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Let’s Talk About Anxiety

Pooja Salhotra
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Michael Phelps

World-renowned swimmer Michael Phelps, who has publicly opened up about his struggles with mental health, makes an appearance during the documentary film. In it, he visits a young boy named Charlie who was struggling with anxiety. (Photo: Angst: Raising Awareness Around Anxiety)

As someone who has struggled with debilitating anxiety, I recognize that we live in a world where mental illness is perceived as an enigma, difficult to understand and even more difficult to discuss openly. But last week, I discovered that advocates in Houston, and nationwide, are on a mission to change that.

On Thursday evening, May 30, an overflowing audience of 175 gathered at The Health Museum to watch a public screening of the documentary Angst: Raising Awareness Around Anxiety, an original film featuring interviews with kids, mental health experts, and even renowned swimmer Michael Phelps, discussing anxiety. The event was organized by Texas non-profit organization Meadows Mental Health Policy Institute, along with their regional operating program, The Hackett Center for Mental Health. Another key partner in the event was “Okay to Say,” a campaign Meadows launched with the goal of changing the conversation around mental health.
“As a parent with a child who struggled with anxiety and depression, sometimes you don’t know how to have that conversation with your child,” said Cynthia Riley, a Memorial resident who serves as the Vice President of Philanthropy at the Meadows Mental Health Policy Institute and the Hackett Center for Mental Health. “The film really gives some concrete examples of dialogue between parents and children, and it gives practical tips on how teens can create a helpful thinking pattern when they become anxious.” 


Nearly 200 people gathered at The Health Museum on May 30, 2019 to watch a screening of Angst: Raising Awareness Around Anxiety. (Photo: Cherri Carbonara)   

Cynthia is part of the leadership team at Meadows that decided to host the screening of Angst. She said that after the team watched the movie, they felt it was important to bring the film to the public and open up a dialogue about anxiety. 

According to a recent survey by the Pew Research Center, 70 percent of U.S. teens ages 13 to 17 identify anxiety and depression as a “major problem” among people their age in the community where they live. According to this research, anxiety and depression is seen as a more major problem than other issues such as bullying, drug addiction, teen pregnancy and gangs. 

Part of what Angst does well is showcasing just how widespread anxiety is today. Over the 56-minute film, children and teens of all races, backgrounds and socioeconomic status are featured, candidly discussing their experience with anxiety and how they have dealt with it. One student  talks about her fear around her parents’ potential deportation, another discusses the fear of judgement he feels every time he walks into a classroom and many talk about how the pull of social media fuels their anxiety. “Anxiety does not discriminate,” anxiety expert Jerry Bubrick, PhD, says in the opening of the film.  

Marcy Melvin, Anna Lee Carothers, Karin Gornick

Following the movie screening at The Health Museum, (from left) mental health expert Marcy Melvin, advocate Anna Lee Carothers and executive producer Karin Gornick spoke about anxiety on a panel. (Photo: Cherri Carbonara)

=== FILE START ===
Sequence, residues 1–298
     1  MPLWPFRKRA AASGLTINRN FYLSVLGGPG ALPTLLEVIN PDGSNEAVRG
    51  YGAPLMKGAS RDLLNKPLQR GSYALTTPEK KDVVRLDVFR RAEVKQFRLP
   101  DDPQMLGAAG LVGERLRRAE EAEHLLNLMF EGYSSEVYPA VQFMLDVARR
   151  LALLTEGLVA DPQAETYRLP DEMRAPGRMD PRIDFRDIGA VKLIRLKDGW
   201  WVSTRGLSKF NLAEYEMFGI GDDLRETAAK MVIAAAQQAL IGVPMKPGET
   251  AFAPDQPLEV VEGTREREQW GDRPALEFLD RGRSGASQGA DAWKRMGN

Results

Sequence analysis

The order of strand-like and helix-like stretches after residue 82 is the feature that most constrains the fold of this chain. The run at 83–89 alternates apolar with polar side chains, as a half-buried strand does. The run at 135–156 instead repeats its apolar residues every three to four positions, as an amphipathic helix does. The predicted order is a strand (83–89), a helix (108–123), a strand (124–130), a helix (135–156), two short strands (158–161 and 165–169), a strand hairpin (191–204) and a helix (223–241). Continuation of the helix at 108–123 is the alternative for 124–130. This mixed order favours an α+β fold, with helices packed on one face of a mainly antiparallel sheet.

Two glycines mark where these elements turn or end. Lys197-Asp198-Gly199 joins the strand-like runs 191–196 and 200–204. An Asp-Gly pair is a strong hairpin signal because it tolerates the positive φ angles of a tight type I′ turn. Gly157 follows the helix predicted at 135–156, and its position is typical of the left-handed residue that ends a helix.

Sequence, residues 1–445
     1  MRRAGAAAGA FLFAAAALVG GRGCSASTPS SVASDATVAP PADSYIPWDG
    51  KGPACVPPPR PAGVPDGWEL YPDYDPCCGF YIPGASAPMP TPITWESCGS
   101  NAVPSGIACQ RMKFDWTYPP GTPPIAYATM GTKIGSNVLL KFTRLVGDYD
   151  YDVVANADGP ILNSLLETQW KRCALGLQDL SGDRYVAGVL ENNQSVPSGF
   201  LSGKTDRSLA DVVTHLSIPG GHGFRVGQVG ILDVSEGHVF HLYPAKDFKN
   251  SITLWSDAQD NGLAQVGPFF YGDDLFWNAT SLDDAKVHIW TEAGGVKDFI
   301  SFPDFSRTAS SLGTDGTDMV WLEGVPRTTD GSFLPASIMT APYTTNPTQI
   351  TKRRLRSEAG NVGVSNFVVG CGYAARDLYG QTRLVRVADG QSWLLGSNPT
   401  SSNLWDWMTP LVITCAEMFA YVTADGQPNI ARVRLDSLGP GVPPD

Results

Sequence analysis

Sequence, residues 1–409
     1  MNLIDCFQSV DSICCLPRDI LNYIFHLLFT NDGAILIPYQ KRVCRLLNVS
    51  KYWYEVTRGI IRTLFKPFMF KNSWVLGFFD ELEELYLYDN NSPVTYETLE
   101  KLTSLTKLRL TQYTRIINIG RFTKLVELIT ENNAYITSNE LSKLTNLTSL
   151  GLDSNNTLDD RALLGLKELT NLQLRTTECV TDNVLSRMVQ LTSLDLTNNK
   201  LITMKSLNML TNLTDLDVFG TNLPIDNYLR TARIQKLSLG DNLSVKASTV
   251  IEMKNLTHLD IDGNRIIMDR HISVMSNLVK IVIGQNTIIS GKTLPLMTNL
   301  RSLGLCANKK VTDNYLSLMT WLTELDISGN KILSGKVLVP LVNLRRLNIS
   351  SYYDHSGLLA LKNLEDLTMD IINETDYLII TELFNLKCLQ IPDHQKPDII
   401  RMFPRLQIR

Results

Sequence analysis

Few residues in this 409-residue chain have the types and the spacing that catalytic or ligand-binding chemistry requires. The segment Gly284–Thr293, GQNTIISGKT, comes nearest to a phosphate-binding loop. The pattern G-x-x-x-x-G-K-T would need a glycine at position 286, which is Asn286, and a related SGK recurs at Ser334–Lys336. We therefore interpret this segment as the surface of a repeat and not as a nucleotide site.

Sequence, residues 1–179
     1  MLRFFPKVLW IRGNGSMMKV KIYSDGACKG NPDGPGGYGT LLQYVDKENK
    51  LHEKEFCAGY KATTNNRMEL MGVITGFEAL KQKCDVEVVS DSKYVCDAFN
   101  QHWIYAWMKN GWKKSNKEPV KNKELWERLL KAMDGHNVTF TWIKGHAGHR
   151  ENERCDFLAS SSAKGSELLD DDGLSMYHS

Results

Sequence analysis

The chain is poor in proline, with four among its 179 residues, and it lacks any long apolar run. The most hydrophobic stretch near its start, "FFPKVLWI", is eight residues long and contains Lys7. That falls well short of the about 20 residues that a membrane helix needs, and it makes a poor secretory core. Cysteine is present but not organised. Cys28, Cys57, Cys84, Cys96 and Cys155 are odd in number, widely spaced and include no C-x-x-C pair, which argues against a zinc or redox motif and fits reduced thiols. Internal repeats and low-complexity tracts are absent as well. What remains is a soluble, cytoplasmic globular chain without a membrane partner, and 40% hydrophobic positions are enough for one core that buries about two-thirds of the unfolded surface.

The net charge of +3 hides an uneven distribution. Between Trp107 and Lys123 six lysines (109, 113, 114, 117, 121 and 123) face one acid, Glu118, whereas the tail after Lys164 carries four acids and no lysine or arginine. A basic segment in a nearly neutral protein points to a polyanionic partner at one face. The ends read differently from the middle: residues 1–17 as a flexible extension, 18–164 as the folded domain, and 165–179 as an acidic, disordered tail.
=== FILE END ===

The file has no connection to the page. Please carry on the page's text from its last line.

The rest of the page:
Following the screening at The Health Museum, audience members were invited to participate in an open dialogue with a panel including the executive producer of the film, Karin Gornick, along with Marcy Melvin, a child and family mental health expert from Meadows Mental Health Policy Institute. Also on the panel was Anna Lee Carothers, a 2019 University of Texas at Austin graduate who has personally dealt with anxiety. 

Marcy noted that anxiety has been brought to the forefront of conversation these days not only because advocates are raising the issue but also because anxiety is truly on the rise among youth. She highlighted a study in which researchers found a 20 percent increase in diagnoses of anxiety between 2007 and 2012 for kids ages 6 to 17. She said social, political and environmental factors are all likely contributing to this increase. 

The good news, though, is that anxiety and depression are both treatable through various forms of therapy and medication. The first step, therefore, is simply being willing to recognize and problem and discuss it. 

“Now that you know it, you can name it and tame it,” said Karin. 

Editor’s Note: See the trailer for Angst here. The film is not available online as it is currently only being shown at schools and community centers. Dulles High School in Sugar Land is hosting a public screening of the film on Wednesday, June 19. Find out more and secure tickets for that event here.

  • Angst

    Angst is an original documentary film about anxiety. It is not available on the Internet, but is being screened at schools and community centers across the country. Find out more about upcoming screenings here. (Photo: Angst: Raising Awareness Around Anxiety)

  • Angst


Angst is an original documentary film about anxiety. It is not available on the Internet, but is being screened at schools and community centers across the country. Find out more about upcoming screenings here. (Photo: Angst: Raising Awareness Around Anxiety)

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